Your typical frogs lay eggs, while a few species give birth to froglets. But frogs giving birth to tadpoles is new to science—and researchers have managed to witness it, the BBC reports. A scientist at Berkeley was holding what he thought was a male frog when it gave birth to a bunch of tadpoles. Now, "In total, we have either observed tadpoles in the oviducts or direct-birth of tadpoles on 19 occasions," researchers write at PLoS ONE. The species in question, called a "fanged" frog because it fights with appendages extending from its lower jaw, was discovered in the 1990s, but only recently determined to be its own species.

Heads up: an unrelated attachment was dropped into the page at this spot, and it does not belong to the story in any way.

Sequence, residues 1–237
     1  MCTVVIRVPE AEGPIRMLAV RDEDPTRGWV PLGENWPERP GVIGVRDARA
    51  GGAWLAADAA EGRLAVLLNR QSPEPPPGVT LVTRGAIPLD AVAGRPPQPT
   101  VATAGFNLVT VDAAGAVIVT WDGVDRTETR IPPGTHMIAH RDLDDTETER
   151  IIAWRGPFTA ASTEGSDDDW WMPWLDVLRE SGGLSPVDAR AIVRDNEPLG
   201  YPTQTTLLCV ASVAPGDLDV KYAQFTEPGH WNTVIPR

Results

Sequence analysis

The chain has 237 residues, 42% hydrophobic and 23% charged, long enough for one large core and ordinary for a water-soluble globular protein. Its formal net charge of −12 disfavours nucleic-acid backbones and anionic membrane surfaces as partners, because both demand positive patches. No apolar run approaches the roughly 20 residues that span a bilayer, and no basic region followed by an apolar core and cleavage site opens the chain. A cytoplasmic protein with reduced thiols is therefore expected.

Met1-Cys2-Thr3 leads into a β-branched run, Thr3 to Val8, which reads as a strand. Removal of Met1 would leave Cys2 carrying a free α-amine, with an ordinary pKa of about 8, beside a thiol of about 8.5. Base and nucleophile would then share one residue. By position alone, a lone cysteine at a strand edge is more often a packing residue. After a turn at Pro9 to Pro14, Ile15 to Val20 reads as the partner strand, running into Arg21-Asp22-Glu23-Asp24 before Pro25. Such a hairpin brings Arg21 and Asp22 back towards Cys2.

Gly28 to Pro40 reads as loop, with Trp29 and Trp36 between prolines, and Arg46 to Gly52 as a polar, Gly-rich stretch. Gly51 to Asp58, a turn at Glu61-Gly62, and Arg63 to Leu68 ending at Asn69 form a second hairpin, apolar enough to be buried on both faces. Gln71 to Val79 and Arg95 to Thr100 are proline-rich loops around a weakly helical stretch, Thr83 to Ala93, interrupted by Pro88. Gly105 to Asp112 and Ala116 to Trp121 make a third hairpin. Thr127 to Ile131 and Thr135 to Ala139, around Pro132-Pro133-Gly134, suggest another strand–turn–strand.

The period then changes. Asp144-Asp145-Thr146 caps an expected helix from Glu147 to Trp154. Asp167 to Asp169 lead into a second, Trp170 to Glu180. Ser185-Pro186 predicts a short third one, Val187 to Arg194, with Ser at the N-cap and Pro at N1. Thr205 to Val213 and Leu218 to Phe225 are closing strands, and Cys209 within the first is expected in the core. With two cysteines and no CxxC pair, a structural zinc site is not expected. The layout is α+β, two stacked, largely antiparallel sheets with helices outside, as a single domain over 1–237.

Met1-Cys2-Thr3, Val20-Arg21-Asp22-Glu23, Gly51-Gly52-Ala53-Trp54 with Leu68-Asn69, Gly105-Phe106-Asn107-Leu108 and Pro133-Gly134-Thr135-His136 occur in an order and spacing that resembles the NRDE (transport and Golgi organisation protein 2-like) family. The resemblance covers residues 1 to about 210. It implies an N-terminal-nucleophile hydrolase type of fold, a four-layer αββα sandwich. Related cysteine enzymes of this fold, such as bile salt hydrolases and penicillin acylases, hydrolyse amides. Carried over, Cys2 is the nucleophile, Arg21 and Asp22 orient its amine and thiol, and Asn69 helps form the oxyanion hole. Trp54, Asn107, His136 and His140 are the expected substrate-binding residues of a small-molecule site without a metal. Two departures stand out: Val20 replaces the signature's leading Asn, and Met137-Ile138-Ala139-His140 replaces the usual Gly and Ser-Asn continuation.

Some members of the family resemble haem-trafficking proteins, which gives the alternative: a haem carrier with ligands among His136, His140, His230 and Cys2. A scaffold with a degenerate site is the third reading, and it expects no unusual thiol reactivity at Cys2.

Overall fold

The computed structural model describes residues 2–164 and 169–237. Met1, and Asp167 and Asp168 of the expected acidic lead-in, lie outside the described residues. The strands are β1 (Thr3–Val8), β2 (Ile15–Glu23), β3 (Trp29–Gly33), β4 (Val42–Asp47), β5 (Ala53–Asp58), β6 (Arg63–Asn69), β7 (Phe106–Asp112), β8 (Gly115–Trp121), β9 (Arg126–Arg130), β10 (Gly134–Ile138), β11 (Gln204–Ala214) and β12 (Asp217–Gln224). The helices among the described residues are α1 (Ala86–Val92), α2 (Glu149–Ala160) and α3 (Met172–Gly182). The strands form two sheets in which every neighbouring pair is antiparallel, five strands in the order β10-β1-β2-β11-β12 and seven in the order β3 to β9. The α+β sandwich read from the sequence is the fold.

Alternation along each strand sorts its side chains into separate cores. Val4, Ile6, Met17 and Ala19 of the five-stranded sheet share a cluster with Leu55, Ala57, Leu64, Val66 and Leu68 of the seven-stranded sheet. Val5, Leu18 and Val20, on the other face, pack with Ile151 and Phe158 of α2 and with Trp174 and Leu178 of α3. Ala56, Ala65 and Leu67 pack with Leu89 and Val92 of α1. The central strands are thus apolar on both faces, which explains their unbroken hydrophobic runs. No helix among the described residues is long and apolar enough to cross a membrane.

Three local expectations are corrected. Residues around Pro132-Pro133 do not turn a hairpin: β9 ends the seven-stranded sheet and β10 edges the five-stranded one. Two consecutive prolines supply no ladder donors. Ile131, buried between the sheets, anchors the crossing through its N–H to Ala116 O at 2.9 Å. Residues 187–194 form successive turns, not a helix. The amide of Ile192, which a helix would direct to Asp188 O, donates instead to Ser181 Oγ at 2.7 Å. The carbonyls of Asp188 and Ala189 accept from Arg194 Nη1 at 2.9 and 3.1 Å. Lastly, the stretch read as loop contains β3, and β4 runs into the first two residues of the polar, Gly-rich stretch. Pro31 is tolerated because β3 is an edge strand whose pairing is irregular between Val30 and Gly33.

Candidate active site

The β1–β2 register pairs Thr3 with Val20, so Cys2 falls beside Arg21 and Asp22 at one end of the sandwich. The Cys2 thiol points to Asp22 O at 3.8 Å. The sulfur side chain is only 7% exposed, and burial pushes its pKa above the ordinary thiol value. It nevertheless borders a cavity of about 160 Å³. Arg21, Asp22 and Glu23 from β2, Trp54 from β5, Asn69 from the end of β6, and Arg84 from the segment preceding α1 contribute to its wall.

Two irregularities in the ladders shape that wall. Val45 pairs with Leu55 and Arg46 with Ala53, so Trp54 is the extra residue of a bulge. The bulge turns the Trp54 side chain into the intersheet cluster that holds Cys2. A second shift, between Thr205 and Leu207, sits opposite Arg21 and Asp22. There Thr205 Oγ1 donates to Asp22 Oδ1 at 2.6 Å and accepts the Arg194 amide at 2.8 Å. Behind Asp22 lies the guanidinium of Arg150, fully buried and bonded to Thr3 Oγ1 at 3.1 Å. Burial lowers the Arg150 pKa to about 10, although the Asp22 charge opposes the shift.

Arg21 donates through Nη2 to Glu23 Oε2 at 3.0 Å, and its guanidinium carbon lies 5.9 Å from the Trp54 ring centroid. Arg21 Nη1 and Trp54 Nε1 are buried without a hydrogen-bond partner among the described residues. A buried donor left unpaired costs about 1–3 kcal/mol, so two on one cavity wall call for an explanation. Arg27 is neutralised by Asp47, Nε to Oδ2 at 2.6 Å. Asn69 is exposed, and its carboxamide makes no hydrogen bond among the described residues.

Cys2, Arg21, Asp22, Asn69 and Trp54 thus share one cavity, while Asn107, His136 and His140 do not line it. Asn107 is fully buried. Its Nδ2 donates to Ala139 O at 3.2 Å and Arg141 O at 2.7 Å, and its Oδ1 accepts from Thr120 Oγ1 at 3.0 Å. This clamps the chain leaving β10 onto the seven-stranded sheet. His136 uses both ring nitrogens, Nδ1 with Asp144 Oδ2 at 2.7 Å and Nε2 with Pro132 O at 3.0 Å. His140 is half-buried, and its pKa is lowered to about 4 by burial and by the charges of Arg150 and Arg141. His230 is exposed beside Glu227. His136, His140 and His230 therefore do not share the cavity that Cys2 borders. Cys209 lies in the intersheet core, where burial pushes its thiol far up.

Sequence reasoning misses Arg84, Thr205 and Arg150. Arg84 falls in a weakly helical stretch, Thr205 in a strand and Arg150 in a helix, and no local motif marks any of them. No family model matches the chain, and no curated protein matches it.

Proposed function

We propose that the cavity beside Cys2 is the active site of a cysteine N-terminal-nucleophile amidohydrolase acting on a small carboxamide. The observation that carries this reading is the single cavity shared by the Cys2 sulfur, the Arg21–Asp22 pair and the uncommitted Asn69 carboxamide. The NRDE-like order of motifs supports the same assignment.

"This new frog is one of only 10 or 12 species that has evolved internal fertilization, and of those, it is the only one that gives birth to tadpoles, as opposed to froglets or laying fertilized eggs," says Jim McGuire, the researcher who held the frog as it was giving birth. Its Latin name, Limnonectes larvaepartus, means "marsh swimmer that gives birth to larvae," Reuters reports. Researchers still aren't sure how the males fertilize the eggs, given that they don't have typical penises. But frogs have "all sorts" of weird reproductive habits, McGuire notes, ranging from females swallowing and brooding their eggs in their stomachs to males brooding them in their vocal sacs. (Speaking of vocal sacs, another "new" species boasts a highly unusual croak.)